Here is the weekly note written by D. Frantz…
Cats are not small dogs. Horses are not large goats. Dogs are not all created equally. I am not a monkey…well, I’m not monkeying around!
I have a pretty good grasp on my animal species, probably because of my Christian Worldview. I believe God is super-creative and I stand in awe of His creation. I think the giraffe is a hoot! And the platypus was created just to make me smile. And those stripes on the zebra are unbelievably awesome. Every unique aspect of God’s creatures just amaze me.
When you tell someone you’re studying to become a veterinarian you hear, “Oh my goodness…you have to learn all those different animals!”. To which I answer, “YES! Don’t you feel sorry for me???”.
But, then you graduate and enter your veterinary practice and “Mrs. Well-Meaning” tells you she gives her dog that scrumptious smelling cat food because he likes it better. And “Mr. That’ll-Fix-it” puts his dog’s flea & tick collar on his cat. Don’t even get me started on any more examples!
Cats are NOT small dogs and dogs are NOT big cats! Sure, they seem to have a lot in common: 4 legs, fur, eyes, ears, mouth, etc.. But, they are way different in many more ways. Let’s consider some of the obvious differences.
Would you rather be bitten by a cat or a dog? I pick the dog because a cat’s mouth is vicious! Every one of their 30 permanent teeth are meant to cut “meat”! Dogs have 42 permanent teeth and although primarily a carnivore, like a cat, some of their teeth have milder, flatter, grinding surfaces.
How about their nails: would you rather be scratched by a dog or a cat? Again, I pick the dog. Cats feet are AMAZING: they can retract that claw, keep it tucked away nice & sharp and then use it on short notice! The dog’s nails are exposed to be worn down with exercise. Cats tip-toe into the room unnoticed. Dogs tap-dance onto the wood floor fully announced.
But, let’s talk about the really important stuff. Cats and dogs differ biochemically and metabolically. Cats don’t rely on panting to cool themselves like dogs do. Cats require more protein than dogs do. Cats can’t handle medication that is prescribed for dogs. Cats can’t thrive on dog food alone.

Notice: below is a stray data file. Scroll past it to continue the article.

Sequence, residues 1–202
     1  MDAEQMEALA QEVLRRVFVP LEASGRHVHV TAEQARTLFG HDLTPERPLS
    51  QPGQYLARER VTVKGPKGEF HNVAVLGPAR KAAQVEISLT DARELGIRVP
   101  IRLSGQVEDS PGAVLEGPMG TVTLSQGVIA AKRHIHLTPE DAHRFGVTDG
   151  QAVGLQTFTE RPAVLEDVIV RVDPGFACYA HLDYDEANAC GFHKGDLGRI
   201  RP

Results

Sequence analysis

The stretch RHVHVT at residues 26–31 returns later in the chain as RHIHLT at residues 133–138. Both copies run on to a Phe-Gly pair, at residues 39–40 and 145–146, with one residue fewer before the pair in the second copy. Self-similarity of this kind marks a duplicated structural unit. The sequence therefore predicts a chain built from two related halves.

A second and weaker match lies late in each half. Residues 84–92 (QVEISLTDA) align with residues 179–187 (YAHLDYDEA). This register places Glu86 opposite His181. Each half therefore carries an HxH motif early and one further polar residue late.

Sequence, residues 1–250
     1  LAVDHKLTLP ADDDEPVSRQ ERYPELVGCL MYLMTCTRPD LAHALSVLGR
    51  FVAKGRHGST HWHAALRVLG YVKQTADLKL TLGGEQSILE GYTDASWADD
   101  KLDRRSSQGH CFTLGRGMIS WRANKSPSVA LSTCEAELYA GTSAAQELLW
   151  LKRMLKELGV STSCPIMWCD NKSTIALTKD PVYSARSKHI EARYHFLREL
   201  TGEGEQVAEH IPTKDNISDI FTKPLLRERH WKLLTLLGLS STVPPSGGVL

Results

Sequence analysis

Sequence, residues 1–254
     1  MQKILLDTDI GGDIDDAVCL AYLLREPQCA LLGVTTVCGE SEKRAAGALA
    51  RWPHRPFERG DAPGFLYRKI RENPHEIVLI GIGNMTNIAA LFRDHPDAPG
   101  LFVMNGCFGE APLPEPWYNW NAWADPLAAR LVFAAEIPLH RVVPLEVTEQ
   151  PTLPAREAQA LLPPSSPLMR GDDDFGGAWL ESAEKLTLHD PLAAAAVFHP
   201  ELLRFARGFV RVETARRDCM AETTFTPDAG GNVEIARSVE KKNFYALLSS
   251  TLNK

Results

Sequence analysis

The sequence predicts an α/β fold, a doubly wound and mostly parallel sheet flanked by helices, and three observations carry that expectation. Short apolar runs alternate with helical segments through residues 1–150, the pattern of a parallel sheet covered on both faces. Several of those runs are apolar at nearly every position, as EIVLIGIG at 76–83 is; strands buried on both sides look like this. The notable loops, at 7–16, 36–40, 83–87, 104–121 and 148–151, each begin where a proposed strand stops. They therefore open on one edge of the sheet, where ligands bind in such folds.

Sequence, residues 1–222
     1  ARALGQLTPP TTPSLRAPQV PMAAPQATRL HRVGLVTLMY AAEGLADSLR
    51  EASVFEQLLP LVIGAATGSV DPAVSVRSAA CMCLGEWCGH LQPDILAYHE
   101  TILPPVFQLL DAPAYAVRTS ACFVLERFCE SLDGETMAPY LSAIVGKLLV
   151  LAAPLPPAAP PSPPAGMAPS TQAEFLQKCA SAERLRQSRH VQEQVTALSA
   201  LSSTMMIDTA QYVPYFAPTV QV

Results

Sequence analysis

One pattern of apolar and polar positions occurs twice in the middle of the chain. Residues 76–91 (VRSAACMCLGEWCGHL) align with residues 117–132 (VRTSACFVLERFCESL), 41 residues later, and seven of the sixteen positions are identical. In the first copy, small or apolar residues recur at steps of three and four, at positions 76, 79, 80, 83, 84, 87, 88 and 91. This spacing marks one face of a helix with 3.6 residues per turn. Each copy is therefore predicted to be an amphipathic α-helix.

When talking about medications, a dog is more tolerant of medicines, many of which we borrow from human medicine. But, cats only have a small amount of the liver enzyme Glucuronyl Transferase, which is required to break down medications like Tylenol (acetaminophen). Because they can’t break it down, it stays in their system far too long and becomes toxic. A dog can handle a low dose of acetaminophen, but even the tiniest amount can kill a cat.
One of the most common poisonings of cats is from accidental applications of dog flea & tick products. Most spot-on products and collars are labeled for “use in dogs only.” Many of these permethrin products are readily available in variety stores or grocery stores where the staff is not equipped to answer your questions or provide assistance when your cat becomes sick. Buyer beware.
And what about their food? Cats can’t tolerate “fasting” the way dogs do and also require almost twice the protein in their diet, specifically from meat. Have you noticed that cat food is much more expensive? That is because it has more meat and fat. Some dog foods offer high levels of protein, but most can’t reach the level that cats require. Your dog may “go off its food” for a day, and we don’t panic (unless it’s a teacup puppy). However, cats don’t have the ability to convert stores of fat into energy and require quick attention to prevent Hepatic Lipidosis.
Cat food contains taurine, an amino acid that is important in the functioning of the heart. Dog foods do not necessarily contain taurine because they can make their own.
Cats shouldn’t eat dog food.
Dogs can make Vitamin A from beta carotene using enzymes in their intestines. Cats can’t make Vitamin A. Dog foods may contain some amounts of Vitamin A but rarely the amounts that a cat requires. Cats shouldn’t eat dog food. A similar story exists for Arachidonic Acid, Thiamine, and Arginine, an important amino acid.
Dogs love cat food! It smells good, it tastes good, and it will often train your dog turn up it’s nose to boring dog food in hopes of a better deal. However, cat food is higher in protein and calories which sets your dog up for obesity and pancreatitis. Kitten food is even higher in protein and fat and can cause serious problems for dogs.
Dogs shouldn’t eat cat food.
Cat and dogs are amazing creatures with distinctive characteristics that should be celebrated. Help us keep your pets healthy by only using foods and medications that are labeled for your dog or cat. If you are unsure about a food or medication, please call us, and we’ll help decipher the label. When in doubt, just don’t do it.
Please let us know if you have any questions or if there is anything we can help you with.
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